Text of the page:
The family of an Australian engineer jailed in Baghdad has pleaded for his release after a picture emerged of his deteriorating health.
Robert Pether was sentenced to five years in prison by an Iraqi court over a contract dispute between his employer and the country's Central Bank.
Pether, 47, who has lived in Dubai with his family for the past 11 years, was also ordered to pay $12 million along with his colleague Khaled Radwan, from Egypt, who also remains detained.
Pether’s family has repeated a call for his release, this time on medical grounds after a picture was released showing his ill health.
His family and doctor believe this is a direct result of a botched attempt to remove moles from his back.
“It’s absolutely shocking for us to see the state of him. We couldn’t show the picture to our youngest daughter,” said Pether’s wife, Desree.
“We’ve tried to stay calm but it’s just heartbreaking when you see someone you love looking like that.
“His immune system is compromised and he’s in a crowded cell, so if anyone comes in with a virus he is going to be in big trouble.”
She hit out at the authorities for the surgery her husband received, which has, in the opinion of her Pether's regular doctor, left him seriously worse off than before.
“He thought it was just going to be bunch of biopsies, to remove tissue, which ended up with him having a large mole removed from the bottom of his spine, which is not what he consented to,” Mrs Pether said.
“He was left with a 15-centimetre scar at the bottom of his spine, which immediately got infected and which took him two weeks to recover from.
“His immune system is completely shot and he is continuing to lose weight.”
She said the picture of her husband, taken for his own doctor’s reference, has led the family to fear he could have once again developed a melanoma, a type of skin cancer he was treated for in the past.
Pether’s doctor wrote a letter of concern to the Australian government last month, warning them about the risk posed to his health following the surgery he received in Iraq.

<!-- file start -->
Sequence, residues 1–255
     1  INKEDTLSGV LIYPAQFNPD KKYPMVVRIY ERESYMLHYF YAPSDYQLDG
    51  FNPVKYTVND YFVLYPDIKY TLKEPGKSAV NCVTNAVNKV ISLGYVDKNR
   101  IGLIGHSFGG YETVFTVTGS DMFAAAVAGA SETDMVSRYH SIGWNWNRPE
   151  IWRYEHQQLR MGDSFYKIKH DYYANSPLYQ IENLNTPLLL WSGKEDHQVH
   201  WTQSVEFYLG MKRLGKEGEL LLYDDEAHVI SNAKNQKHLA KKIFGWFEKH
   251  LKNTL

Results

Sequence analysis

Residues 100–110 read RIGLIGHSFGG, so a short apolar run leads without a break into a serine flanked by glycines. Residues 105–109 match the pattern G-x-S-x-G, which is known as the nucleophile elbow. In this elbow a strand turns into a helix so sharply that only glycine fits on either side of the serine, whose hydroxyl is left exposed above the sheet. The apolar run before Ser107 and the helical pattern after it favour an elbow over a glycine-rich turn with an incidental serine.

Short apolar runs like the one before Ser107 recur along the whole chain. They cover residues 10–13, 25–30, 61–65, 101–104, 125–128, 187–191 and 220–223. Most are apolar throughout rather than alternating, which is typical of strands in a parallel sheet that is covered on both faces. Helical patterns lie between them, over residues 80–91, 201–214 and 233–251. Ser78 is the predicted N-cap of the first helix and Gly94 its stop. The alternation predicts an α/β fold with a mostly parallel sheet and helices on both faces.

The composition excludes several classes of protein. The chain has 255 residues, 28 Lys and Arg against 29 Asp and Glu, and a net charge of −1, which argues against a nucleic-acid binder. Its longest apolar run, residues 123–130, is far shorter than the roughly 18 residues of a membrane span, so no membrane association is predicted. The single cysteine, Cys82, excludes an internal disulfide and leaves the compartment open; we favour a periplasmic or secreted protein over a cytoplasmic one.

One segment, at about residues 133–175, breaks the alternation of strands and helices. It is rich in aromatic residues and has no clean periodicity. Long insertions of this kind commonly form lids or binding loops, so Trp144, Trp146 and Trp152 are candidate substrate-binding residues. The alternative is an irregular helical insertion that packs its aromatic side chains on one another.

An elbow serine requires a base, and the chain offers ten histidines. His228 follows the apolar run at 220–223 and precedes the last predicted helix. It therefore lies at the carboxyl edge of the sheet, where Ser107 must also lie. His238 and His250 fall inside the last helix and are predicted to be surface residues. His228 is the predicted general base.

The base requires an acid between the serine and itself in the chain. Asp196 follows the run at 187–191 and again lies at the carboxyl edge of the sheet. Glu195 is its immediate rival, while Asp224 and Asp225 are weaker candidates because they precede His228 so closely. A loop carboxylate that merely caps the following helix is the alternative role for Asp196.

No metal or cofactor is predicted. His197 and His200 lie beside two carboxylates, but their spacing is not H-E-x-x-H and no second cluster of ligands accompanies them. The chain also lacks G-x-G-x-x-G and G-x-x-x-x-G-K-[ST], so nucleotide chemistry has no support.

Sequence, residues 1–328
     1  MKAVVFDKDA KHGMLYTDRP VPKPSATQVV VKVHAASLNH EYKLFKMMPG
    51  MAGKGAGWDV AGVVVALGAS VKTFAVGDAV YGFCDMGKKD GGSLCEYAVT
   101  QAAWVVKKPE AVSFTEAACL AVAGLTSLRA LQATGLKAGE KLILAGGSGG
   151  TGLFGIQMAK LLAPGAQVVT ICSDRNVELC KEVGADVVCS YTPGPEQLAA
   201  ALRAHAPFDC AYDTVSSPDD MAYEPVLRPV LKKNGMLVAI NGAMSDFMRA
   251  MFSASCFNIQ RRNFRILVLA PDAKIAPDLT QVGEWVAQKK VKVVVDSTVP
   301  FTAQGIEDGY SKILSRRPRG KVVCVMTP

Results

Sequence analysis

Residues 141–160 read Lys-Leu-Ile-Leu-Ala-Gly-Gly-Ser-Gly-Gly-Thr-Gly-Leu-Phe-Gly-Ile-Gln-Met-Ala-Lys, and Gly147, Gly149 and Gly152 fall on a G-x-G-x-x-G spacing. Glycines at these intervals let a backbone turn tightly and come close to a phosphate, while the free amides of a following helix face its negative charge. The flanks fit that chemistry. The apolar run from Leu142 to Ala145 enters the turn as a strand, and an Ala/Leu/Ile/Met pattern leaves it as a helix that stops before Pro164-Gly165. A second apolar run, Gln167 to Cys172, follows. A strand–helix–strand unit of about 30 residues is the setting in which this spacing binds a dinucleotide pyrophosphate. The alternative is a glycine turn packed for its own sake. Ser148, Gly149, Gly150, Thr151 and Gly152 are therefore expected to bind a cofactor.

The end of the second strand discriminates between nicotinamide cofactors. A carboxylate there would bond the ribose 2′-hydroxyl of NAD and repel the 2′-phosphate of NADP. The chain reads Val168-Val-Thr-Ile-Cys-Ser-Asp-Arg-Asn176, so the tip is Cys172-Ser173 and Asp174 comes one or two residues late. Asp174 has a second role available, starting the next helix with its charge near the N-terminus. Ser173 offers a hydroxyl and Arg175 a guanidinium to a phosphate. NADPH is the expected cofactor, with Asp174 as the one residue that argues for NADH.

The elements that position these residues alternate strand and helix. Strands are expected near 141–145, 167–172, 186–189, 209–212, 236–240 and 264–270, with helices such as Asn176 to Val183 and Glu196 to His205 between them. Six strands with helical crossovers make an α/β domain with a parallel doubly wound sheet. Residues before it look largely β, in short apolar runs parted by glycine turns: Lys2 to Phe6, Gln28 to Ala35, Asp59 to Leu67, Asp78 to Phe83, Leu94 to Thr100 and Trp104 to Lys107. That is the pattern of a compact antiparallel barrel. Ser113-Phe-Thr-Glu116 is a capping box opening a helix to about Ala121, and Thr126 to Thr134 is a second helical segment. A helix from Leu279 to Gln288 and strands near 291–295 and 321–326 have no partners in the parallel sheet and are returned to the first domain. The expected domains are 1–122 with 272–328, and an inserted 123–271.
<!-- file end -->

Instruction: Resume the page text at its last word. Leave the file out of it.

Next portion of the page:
“Robert Pether should be, and should have already been, released as a matter of urgency in order to have surgery safely in an optimal environment, and most importantly, performed by experts,” wrote his doctor.
“Robert Pether is imprisoned in a 14ft cell with no windows and only one door with 21 other men.
“To perform surgery on any patient and send them back into that environment is unconscionable.”
How the case unfolded
Pether was arrested 17 months ago when he was called to Iraq for what he believed to be a straightforward business meeting to discuss a contract dispute.
However, he was detained during the meeting and has remained jailed ever since.
He had been working in Dubai as an engineer for CME Consulting, a company that was contracted to work on the headquarters of the Central Bank of Iraq, on the banks of the Tigris.
Several bail attempts were subsequently rejected before he was sentenced in August of last year.
The National has contacted CME Consulting for comment.
A $33m contract, awarded to CME, is at the heart of the dispute.
The project was suspended after a year, with Iraq’s war with ISIS extremists and plummeting oil prices said to be the main reasons.
Work resumed in 2018, with CME Consulting completing 39 of the 48 months stipulated in their contract before payments were withheld.
The Central Bank also asked CME to extend the contract by three months to make up for work suspended during the Covid-19 restrictions last year.
CME was told by the banking regulator that it would not pay for the extension, which led to the company objecting on the grounds the suspension was not its decision.
Pether was invited in April to attend what he thought was a routine meeting at the Baghdad bank to discuss the project.
Instead, he was arrested along with Mr Zaghlol, and was held in custody before receiving the same prison sentence in August.
The bank also called for CME to return $12m, the same amount Pether and his colleague were fined, on the grounds the sum was for “extra payments”.